4 - "North America, Family Histories, 1500-2000." Operations, Inc., 2016. Memoirs of Gen. Joseph Gardner Swift, LL D, USA : First graduate of the United States Military Academy.
5 - Ibid.

Thursday, April 4, 2019

The Pioneer Photographer

One of my great-uncles, Christopher Swinbourne, was a pioneer photographer in New Zealand. Christopher Swinbourne (1834-1869), was born in Ireland, and in 1852 emigrated with his parents, Richard and Ann McGrath Swinbourne, to New Zealand [see previous post].  

Christopher arrived in New Zealand at a time when photography was being introduced in Australia and New Zealand. In 1852, the year of his arrival, Australia’s first illustrated newspaper, The Illustrated Sydney News, was published.  In 1858, the tintype process reached Australia and New Zealand. And, in 1859 the carte de visite (a small photographic portrait mounted on a piece of card – 2½”-x-4”) was introduced. 1
Google Image: Christchurch, Lyttleton, and Akaroa, New Zealand
I have not been able to find when Christopher Swinbourne started his photography business, but it is believed that he received his training under a Mr. Elsbee. On August 13, 1859, the Lyttleton Times sang the praises of Swinbourne’s photographic abilities:

            We have always had a strong objection to praise or seen to puff the excellencies of anything that is a native product, simply as such; but we cannot refrain, for once, from commending the successful efforts at photographic portraiture exhibited by Mr. C. Swinbourne since his arrival in this town . . . . We have seen specimens of Mr. Swinbourne’s manipulation which speak for themselves of the progress he has made in a very short time, and which really stand well among the ordinary specimens of the art which are current in the colonies. We wish this painstaking gentleman every success.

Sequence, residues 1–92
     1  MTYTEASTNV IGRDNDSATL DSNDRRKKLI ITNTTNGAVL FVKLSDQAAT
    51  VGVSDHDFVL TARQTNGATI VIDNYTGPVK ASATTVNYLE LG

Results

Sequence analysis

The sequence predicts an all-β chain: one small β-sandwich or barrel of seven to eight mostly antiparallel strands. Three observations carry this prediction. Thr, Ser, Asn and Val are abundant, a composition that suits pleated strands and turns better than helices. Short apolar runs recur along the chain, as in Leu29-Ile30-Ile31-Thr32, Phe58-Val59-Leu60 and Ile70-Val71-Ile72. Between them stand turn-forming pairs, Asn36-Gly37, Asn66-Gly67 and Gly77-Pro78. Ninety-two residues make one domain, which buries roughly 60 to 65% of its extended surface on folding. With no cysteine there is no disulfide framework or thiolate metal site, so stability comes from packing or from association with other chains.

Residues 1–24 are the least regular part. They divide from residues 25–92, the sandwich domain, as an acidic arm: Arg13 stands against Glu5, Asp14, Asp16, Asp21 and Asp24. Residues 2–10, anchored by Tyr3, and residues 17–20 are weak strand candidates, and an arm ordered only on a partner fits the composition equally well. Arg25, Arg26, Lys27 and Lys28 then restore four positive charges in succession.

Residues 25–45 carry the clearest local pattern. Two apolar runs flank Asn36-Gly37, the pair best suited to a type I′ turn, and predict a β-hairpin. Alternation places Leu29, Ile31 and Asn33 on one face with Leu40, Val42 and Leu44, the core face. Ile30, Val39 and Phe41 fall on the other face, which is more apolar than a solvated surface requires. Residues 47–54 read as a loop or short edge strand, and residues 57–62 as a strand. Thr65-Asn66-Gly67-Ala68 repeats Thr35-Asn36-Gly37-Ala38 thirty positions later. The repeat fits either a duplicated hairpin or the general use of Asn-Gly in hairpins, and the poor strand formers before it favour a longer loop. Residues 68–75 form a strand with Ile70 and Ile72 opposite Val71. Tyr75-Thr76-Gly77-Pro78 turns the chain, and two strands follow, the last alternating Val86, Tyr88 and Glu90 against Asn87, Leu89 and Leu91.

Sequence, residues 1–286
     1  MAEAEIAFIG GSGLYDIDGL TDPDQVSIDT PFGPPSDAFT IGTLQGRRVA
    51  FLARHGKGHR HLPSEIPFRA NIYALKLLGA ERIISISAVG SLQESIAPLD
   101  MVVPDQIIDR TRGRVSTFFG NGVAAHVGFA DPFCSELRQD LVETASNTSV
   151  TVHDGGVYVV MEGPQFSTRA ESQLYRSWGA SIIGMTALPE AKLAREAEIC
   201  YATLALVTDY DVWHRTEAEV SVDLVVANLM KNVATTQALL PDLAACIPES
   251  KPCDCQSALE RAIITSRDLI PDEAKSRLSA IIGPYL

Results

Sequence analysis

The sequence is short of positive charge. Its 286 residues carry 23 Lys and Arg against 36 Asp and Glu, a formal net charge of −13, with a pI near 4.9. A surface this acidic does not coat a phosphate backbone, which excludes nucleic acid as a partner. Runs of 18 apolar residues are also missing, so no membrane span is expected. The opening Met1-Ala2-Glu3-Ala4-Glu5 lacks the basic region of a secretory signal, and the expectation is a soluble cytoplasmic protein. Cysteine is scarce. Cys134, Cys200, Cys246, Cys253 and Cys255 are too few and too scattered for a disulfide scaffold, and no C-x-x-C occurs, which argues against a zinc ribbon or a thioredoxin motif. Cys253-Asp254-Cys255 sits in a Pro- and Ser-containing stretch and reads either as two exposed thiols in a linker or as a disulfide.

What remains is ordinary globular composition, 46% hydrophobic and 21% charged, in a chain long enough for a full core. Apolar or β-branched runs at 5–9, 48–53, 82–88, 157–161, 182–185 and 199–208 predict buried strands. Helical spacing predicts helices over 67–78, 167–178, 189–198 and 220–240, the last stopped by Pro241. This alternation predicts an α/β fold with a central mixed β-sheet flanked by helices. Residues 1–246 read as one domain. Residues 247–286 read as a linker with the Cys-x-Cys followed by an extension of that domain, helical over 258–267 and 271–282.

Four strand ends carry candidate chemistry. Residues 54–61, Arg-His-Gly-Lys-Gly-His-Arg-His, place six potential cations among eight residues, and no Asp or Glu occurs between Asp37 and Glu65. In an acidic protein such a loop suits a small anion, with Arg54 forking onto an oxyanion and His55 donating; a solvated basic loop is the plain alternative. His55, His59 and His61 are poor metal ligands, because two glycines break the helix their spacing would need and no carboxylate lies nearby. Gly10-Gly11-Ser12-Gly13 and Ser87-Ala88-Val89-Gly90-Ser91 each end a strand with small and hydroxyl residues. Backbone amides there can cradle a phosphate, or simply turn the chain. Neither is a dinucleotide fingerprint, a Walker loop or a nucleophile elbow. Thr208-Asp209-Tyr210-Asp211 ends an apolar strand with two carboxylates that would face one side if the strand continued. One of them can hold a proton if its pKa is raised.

I was not able to find out when Swinbourne actually started his own business, but he was in business by 1859 in Christchurch, New Zealand.  Here are some his advertisements. 2 You will note that in one he advertises the availability of the carte de visite.

In another article found in the Lyttleton Times, July 7, 1863, Swinbourne had set up a display in his studio window in honor of the royal wedding of His Royal Highness, the Prince of Wales and Princess Alexandra.

There are no known photographs of Christopher nor are there any known existing photographs taken by him. 3

Christopher Swinbourne, my 3rd great-uncle in my adoptive family, is buried at the family plot in the Baradoes Street Cemetery, Christchurch, New Zealand.

1 – “Art Sets. The Photograph and Australia: Timeline.” Art Gallery NSW, Art Gallery of New South Wales,
2 – Photography, Early Canterbury. “SWINBOURNE, Christopher.” Early New Zealand Photographers, 1 Jan. 1970,
3 - ibid.
NOTE: All copies of the newspaper advertisements are from the source cited in footnote 2.